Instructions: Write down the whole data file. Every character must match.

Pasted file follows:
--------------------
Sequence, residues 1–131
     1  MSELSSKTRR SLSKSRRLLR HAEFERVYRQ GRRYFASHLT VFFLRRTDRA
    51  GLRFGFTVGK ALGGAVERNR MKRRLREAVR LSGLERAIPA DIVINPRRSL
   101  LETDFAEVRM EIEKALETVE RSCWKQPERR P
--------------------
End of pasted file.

Sequence, residues 1–131
     1  MSELSSKTRR SLSKSRRLLR HAEFERVYRQ GRRYFASHLT VFFLRRTDRA
    51  GLRFGFTVGK ALGGAVERNR MKRRLREAVR LSGLERAIPA DIVINPRRSL
   101  LETDFAEVRM EIEKALETVE RSCWKQPERR P